Saturday, January 31, 2015


Kathe and I have been taking music lessons for a month.  I have my banjo; she has a keyboard (although what she really wants is a piano.)

We are adult music students, a bit of a rarity.  And we both are convinced that we can do it, and we devote the time to practice, like we never could (or did) when we were kids. We set aside time, and are very protective of that time, because we have a goal in mind. We want to play.

What we are doing is very different from what kids do when they are given lessons. 

The typical child lesson (I have made some assumptions here) goes something like this: MomnDad decide child progeny (CP) is going to learn an instrument.  They give CP a choice: oboe or saxophone; CP chooses the one CP think is best/coolest/least dorky/easiest-to-hide-in-the-locker-at-school.  (Or, if you have a piano in the house, you get to learn piano).  M&D buy the instrument, and go about finding a suitable tutor.

And when I say ‘suitable’, what I really mean is ‘affordable’.

CP is encouraged to practice, and at the end of the semester/year, is rewarded with an opportunity to dress up and give a concert, that M&D attend.

From CP’s perspective, here is what happens:

M&D: “Do you want to give up the last remaining shred of video game time to practice the tuba, or to practice the piccolo?”

And just like that, CP is suddenly forced to give up a half-hour to an hour of every day to practice an instrument that he does not love, and then spends an additional hour with an adult who gets to be a
participant in the weekly humiliation when CP does not perform to the genius level that is the expectation.

The end result is a recital, where videocameras and smartphones take over, and Nurse Ratched shepherds her charges through the painful process of showing that the parents’ investments in CP were not in vain.

(In all fairness, Mrs. Robin - my piano teacher - was a loving, kind woman who played more the kindly psychologist than a piano instructor version of Nurse Ratched.)

But still.

The difference for an adult is incredible. 

I decided I wanted to play the banjo.  It is a decision that many who love me question, but it is my decision.

I decided I needed lessons to get better. 

I went looking for a ‘suitable’ tutor.

I looked at what we could afford, and with my wife, made the decision on what to do.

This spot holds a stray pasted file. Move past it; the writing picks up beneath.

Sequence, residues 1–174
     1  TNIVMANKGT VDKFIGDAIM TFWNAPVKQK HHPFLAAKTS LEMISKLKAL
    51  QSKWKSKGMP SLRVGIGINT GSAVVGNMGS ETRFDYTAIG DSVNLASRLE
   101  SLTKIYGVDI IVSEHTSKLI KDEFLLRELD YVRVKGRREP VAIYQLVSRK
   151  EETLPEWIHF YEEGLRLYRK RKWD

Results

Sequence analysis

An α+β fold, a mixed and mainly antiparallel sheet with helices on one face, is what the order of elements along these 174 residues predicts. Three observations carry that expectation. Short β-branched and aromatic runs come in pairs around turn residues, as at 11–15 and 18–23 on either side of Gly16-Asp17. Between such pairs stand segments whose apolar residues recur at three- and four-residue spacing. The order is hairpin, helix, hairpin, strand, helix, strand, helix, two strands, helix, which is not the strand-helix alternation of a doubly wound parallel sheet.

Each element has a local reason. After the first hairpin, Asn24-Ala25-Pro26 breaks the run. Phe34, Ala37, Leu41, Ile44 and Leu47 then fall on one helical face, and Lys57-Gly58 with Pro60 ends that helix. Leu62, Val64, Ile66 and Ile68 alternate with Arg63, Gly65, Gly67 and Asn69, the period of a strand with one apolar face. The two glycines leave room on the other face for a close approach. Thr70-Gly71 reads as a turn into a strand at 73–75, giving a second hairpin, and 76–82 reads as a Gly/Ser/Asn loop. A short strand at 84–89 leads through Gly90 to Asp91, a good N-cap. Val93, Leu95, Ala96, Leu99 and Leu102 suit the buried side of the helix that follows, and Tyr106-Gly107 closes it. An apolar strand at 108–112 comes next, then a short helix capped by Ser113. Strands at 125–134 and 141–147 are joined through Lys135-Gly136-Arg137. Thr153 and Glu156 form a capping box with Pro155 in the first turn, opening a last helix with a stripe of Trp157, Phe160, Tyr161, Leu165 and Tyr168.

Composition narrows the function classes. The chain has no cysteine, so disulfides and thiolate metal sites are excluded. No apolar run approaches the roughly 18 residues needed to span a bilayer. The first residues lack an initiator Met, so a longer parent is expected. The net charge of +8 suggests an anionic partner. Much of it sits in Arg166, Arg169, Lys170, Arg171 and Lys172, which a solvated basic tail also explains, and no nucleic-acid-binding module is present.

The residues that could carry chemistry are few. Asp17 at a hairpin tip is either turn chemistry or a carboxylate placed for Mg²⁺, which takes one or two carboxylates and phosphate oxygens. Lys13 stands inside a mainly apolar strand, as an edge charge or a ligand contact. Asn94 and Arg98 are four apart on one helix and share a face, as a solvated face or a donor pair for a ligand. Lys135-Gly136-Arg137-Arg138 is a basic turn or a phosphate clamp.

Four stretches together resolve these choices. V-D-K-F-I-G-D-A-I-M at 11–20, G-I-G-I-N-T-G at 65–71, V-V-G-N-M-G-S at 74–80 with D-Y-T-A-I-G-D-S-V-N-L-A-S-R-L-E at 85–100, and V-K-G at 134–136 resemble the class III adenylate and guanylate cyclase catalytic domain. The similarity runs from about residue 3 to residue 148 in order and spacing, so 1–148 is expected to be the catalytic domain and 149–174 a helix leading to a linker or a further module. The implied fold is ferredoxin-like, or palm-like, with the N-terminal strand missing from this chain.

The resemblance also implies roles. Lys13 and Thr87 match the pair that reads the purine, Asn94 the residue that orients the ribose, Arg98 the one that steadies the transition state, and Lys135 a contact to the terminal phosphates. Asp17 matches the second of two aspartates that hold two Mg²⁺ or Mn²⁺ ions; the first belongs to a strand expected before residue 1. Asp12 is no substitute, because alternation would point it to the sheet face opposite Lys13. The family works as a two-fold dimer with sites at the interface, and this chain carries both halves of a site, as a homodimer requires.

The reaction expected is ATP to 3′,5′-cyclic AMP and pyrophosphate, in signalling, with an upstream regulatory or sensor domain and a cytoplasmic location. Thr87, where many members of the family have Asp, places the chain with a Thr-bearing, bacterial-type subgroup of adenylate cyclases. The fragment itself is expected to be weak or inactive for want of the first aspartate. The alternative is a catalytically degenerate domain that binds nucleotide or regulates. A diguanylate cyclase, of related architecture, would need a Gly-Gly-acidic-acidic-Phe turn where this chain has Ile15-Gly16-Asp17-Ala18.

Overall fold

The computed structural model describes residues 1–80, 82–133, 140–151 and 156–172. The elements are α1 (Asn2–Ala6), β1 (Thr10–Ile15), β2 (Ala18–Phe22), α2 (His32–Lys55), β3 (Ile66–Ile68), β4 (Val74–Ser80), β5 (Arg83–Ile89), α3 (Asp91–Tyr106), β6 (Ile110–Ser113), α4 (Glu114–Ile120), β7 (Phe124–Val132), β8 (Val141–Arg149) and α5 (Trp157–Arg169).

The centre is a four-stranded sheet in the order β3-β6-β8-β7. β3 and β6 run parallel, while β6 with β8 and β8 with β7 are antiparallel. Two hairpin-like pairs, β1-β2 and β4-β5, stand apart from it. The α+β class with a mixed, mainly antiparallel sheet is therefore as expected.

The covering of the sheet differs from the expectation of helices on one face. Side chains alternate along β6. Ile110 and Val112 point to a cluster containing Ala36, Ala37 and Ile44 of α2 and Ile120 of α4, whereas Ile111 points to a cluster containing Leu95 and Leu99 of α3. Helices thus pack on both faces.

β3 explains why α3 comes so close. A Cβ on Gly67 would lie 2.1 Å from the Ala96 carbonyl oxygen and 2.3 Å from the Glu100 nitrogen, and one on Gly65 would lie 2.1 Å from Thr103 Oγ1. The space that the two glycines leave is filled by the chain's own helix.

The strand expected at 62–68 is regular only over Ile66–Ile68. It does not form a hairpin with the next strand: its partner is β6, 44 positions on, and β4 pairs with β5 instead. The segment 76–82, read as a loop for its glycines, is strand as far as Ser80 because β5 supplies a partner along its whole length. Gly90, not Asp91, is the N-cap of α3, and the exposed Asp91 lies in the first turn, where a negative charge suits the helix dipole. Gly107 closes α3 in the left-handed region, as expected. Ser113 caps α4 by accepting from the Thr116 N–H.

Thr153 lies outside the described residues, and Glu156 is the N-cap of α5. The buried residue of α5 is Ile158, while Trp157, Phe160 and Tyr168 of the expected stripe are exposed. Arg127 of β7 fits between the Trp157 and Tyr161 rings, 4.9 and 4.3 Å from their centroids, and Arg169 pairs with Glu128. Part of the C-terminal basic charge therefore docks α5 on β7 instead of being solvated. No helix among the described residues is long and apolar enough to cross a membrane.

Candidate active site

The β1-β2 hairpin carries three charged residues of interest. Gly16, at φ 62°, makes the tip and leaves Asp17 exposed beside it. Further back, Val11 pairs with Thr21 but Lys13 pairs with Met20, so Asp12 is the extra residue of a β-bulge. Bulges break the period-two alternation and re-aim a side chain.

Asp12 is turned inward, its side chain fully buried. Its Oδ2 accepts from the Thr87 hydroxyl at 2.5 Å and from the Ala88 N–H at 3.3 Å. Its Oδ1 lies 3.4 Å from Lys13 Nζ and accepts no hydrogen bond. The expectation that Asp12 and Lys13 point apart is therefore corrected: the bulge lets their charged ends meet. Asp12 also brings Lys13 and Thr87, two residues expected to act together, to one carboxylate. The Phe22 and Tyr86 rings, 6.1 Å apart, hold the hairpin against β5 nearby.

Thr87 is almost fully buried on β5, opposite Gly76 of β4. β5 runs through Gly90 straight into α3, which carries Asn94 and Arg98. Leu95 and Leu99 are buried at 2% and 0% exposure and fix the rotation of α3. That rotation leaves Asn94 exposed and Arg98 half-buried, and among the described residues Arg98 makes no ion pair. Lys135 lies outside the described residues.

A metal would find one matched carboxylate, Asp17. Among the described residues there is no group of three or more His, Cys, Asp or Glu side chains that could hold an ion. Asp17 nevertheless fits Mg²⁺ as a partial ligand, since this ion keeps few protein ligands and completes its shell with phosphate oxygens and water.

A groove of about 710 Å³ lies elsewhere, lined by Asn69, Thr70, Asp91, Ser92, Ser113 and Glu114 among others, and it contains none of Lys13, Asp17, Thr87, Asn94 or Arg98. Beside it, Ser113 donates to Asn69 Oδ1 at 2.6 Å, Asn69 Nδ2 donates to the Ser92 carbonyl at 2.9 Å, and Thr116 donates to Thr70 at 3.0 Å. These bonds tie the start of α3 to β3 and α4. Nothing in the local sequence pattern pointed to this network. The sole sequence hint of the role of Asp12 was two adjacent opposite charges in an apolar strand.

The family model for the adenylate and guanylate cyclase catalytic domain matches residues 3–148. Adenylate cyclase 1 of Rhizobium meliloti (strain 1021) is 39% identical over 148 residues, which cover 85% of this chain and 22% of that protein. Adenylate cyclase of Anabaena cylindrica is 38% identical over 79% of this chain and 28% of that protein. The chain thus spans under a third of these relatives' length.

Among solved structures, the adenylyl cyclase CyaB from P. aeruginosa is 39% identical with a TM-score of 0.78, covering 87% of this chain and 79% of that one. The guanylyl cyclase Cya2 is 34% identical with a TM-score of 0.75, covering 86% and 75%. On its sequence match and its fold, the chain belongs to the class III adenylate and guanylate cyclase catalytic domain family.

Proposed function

I went to my first lesson, and I hated it.  The instructor was a condescending jacktard, and did not even play the banjo.  Just watched me while I made mistakes doing something I had never done.  I was sweating, I was shaking.  It was humiliating, and I suddenly remembered the tears that were shed in poor Mrs. Robin’s 6x10 cubicle. By the end of the half hour, I did not want to look at the banjo at all. 

And then that night I did the scales that he instructed me to do.  And dammit, it made sense.  

I practiced every night, but not because of him, and not because my parents (who were protecting their investment) made me.  I practiced because I wanted it. 

My sister talked me through some of my grouchiness about the now-hated banjo, and emphasized my goals – I want to be able to accompany myself when I sing.  “Focus on that,” she said, “and play the things you want to play.  IT SHOULD BE FUN”.  And not, she said, just the musical equivalent of learning grammar.

Combining the two approaches (Agricola, agricolarum with Paul Simon’s The Boxer) made practice bearable.  And I played my heart out. 

Next week, Instructor Mike had given up on me, and had handed me over to Instructor Rick.  Rick does not play the banjo either, but he watched and listened and asked questions and talked through problems, and offered advice.  He explained some of the ideas that I was having a hard time understanding, and I got thirty minutes to ask questions and discuss.

It was magnificent.

But it was also limited.  He plays folk guitar, and so the technique has some crossover, but not it is not complete.  So there is only so far he can take me.

As an adult, I know my learning style.  And where I appreciate the place of learning grammar at the business end of a metronome, I also know that my reaction is so strong that I am going to resist.

I know my own mind.

I also know when I need to move on.  I have bought two months of lessons, so I have four lessons remaining.  And I will finish those lessons and not renew.  But not renewing does not free me from the learning.  It just will mean that I have hit a learning plateau, and will work on my own until I need another teacher. (Maybe one who plays the banjo…)

Not a decision that the five-year old progeny can make.

Videos. Books.  I’ve collected enough to satisfy the intellectual part of it.

The time for practice is set aside, and I have the drive to practice so that I can satisfy the physical memory part of it.

The only real piece that I am missing is a goal orientation and a time constraint.  I need a recital to make the physical and the mental come together. 

So here it is: the grand challenge.  The great offering.

I am going to serve beer and wine (and maybe sazeracs) at my house on June 6. That’s right.  I am going to host a recital.  It will be painful, with a lot of shaking hands and wild nerves and maybe even some tears (possibly proving that kids learning an instrument isn’t really all that different after all!)  

But you are invited to hear me play banjo.  And drink. And laugh with me.  And maybe, just maybe, sing along.

Because I am going to need you to do a lot of all of that. 

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